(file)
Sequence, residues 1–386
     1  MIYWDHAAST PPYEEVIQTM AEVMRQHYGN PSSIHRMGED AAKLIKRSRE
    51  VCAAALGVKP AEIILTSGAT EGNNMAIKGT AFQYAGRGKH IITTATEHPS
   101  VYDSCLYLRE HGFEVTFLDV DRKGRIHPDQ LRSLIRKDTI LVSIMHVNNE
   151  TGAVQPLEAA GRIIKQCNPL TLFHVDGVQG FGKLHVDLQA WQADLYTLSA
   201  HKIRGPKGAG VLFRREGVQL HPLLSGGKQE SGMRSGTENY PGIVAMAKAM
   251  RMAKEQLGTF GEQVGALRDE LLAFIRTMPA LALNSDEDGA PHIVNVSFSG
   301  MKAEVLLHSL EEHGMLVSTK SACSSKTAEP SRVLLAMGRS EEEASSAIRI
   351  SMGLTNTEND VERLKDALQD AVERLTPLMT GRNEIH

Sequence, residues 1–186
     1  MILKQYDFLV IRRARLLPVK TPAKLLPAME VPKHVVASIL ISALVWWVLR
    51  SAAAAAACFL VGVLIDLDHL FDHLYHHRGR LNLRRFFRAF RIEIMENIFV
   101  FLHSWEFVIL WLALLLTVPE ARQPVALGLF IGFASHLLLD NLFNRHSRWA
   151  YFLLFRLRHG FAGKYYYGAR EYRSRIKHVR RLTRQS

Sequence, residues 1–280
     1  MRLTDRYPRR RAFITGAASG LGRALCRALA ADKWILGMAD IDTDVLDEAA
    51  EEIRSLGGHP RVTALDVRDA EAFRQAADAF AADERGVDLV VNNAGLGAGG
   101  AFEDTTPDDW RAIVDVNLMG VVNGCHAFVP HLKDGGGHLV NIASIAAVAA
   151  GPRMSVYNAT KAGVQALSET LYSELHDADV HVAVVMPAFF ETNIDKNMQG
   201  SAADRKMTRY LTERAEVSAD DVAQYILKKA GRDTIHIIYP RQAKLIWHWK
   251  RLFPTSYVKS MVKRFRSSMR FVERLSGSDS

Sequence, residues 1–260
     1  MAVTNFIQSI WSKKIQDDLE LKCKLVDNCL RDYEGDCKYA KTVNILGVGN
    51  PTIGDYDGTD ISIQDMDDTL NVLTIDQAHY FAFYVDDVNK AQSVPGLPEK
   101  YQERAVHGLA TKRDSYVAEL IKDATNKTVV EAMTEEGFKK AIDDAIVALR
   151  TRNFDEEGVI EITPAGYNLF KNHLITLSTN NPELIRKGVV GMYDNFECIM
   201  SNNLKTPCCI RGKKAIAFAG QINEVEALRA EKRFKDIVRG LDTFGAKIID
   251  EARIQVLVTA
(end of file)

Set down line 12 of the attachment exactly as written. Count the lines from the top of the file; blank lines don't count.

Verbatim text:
    51  SAAAAAACFL VGVLIDLDHL FDHLYHHRGR LNLRRFFRAF RIEIMENIFV